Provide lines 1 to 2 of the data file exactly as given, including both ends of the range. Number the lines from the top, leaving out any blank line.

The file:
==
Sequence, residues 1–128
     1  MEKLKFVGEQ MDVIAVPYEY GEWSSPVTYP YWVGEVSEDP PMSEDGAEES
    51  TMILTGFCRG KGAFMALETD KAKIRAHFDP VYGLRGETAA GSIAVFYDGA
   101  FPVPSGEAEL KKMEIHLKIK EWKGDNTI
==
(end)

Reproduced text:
Sequence, residues 1–128
     1  MEKLKFVGEQ MDVIAVPYEY GEWSSPVTYP YWVGEVSEDP PMSEDGAEES